When one hears the phrase “Nick Amster,” one might be inclined to think of a person — a famous man, perhaps, or a historical figure. Here at The College of Wooster, however, it refers to a program filled with fun, Skee-Ball, air hockey and various arcade games. Tuesday evenings in The Alley, the basement of Lowry Center in The College of Wooster, are times of communal get-together, support and intense air hockey matches.
In 2015, sociology professor Thomas Tierney organized a volunteer program that brought students together with clients of Nick Amster, Inc., a non-profit that provides employment services to adults with developmental disabilities in Wayne County, Ohio. Tierney’s program began under the auspices of the Community Connections Program (CCP), which is a program sponsored by APEX which combines academic study and community service in First Year Seminars.
When CCP approached faculty about including a community service component, Tierney thought this was a great opportunity to contribute to the Special Olympics culture that was quite active when he first moved to Wooster in 1998, but had since waned. He approached Nick Amster, Inc. clients about training their bowling skills at the then-bowling alley, Scot Lanes, which is how the proverbial ball started rolling. The bowling program was successful — every year drew more and more participants, even from student athletic teams, and was provided its own dedicated program house — but unfortunately, in 2017, Scot Lanes was renovated and turned into the Alley, an arcade.
While Tierney and some of the student volunteers were initially disappointed, they’ve grown to see the renovation as a positive change. With more games suitable to a wider range of interests and skill levels, there are much higher levels of participation in the program — bowling, after all, can be a difficult sport to master. Furthermore, the range of games allows for greater social interaction, with teams in constant flux and new friends bonding over a hard arcade game. With bowling, regular teams would form based on skill level and established friendships, but with arcade games, people instead take turns or change teams every so often based on whatever they feel like playing. It’s become a less competitive environment, too, because when everyone is equally bad at Pacman, no one feels pressured to win.
Losing the more competitive edge of bowling has allowed Nick Amster to evolve into more of a social club, with new friends and social interaction being its main highlight. It’s a change Tierney is pleased about, seeing as his original mission was to “help establish a bridge between the community of developmentally disabled adults, their caregivers, and the college students.” He hopes that besides helping to provide positive social interaction and validation to the developmentally disabled, Nick Amster will also allow college students to give back to the greater Wooster community, imbuing them with a deeper sense of belonging instead of just seeing themselves as students of the college.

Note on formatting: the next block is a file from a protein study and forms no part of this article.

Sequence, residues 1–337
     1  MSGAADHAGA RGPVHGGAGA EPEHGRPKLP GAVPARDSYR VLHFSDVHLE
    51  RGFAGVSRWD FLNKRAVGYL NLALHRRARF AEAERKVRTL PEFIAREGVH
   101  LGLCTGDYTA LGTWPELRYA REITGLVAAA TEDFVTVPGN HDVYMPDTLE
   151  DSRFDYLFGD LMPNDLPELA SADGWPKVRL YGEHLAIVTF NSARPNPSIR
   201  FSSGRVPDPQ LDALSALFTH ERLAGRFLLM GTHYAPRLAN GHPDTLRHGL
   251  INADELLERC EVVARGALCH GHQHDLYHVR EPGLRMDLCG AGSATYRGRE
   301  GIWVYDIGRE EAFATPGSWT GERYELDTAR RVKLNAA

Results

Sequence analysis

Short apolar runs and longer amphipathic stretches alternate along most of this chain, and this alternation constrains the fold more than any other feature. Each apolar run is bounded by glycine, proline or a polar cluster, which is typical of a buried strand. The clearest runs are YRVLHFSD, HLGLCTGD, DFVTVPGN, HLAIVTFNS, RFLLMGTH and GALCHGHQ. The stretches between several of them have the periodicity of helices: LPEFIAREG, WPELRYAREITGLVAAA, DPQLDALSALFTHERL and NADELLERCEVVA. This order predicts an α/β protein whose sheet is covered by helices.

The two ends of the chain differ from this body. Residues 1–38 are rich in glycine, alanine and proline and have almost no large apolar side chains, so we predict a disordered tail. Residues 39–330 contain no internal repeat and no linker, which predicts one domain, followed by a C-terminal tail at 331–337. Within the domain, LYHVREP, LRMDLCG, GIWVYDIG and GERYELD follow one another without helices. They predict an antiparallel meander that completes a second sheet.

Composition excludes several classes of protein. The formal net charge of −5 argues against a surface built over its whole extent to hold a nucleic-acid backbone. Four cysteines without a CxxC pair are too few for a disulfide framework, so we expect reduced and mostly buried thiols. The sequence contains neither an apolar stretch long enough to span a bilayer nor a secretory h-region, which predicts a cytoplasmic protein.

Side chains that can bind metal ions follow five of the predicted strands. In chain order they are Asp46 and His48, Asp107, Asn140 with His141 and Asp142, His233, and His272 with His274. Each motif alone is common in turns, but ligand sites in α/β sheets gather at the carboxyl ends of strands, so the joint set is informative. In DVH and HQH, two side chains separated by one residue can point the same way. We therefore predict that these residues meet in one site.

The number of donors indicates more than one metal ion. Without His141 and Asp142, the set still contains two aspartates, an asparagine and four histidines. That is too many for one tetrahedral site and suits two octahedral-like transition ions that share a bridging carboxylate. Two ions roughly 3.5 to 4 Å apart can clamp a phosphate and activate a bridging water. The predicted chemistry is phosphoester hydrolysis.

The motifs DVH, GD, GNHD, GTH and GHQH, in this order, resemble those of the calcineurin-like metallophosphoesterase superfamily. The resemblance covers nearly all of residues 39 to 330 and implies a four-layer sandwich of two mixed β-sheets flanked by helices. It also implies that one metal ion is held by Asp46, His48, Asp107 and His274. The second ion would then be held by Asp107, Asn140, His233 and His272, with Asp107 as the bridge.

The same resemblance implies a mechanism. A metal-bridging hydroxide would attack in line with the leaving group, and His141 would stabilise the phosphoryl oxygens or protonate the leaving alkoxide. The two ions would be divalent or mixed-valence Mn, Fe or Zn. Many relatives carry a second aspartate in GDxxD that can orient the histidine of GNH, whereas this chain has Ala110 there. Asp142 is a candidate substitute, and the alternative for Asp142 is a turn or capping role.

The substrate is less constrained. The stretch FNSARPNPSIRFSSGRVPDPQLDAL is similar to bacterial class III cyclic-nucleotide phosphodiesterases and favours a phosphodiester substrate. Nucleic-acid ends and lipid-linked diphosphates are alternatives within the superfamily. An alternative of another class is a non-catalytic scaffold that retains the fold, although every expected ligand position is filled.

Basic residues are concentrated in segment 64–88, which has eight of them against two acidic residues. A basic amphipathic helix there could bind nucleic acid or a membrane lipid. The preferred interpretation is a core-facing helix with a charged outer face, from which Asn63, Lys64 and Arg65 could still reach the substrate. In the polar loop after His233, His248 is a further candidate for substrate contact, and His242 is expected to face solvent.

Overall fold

Community integration is an important facet of the Nick Amster Volunteer Program and Tierney’s vision – instead of leaving individuals to fend for their own interests, helping people to see themselves as a part of a greater communal whole helps to improve the social wellbeing of everyone involved. It’s a noble cause with a humanist streak and a cause that has certainly spoken to many of the growing numbers of participants prove anything. Last week’s program drew 19 Nick Amster clients — some of which who had not attended in years — and even more students.
Students who participated in previous years look back fondly on their time at Nick Amster; Ellie Kahn ’20 describes it as “a wonderful way to engage with the community and create relationships with the coolest individuals.” While the removal of Scot Lanes was disheartening, she’s “so happy to see that the program is still functioning in different ways,” and maintains that “working with Nick Amster was so much fun and one of the highlights of my time at Wooster.” Between the glowing reminisces of past participants and the regulars who return every year without obligation, it’s easy to see that Nick Amster is a program that effortlessly brings people from all walks of life together on a level playing field for a time of fun and social connection.
In the future, Tierney hopes to expand the Nick Amster program into the larger college campus — he muses thoughtfully about hosting festive fundraisers and possibly involving the art or dance departments. It’s idealistic, earnest and deeply hopeful, carrying all the right qualities that make one want to put their faith in his cause. Deep down, we all do want to help others. Luckily for him, he seems to be on the right track.
This year marks the first year in which a student CCP intern is involved. Rachel Semel ’22 and her support via organization and scheduling assistance makes it a lot easier for Tierney to handle the demands and logistics of running such a large program, leaving further opportunity for expansion.
The atmosphere at Nick Amster is relaxed and warm – the same atmosphere there would be at a gathering of friends who get a little too dedicated to a board game. It’s genuinely welcoming, with students and adults teaming up in poorly aimed games of corn hole, and intense UNO matches. If you ever need some time to wind down or simply an opportunity to make a few new friends, Nick Amster is the place for you. Nick Amster is a genuine delight to be a part of, and if that still hasn’t convinced you, who doesn’t like arcade games?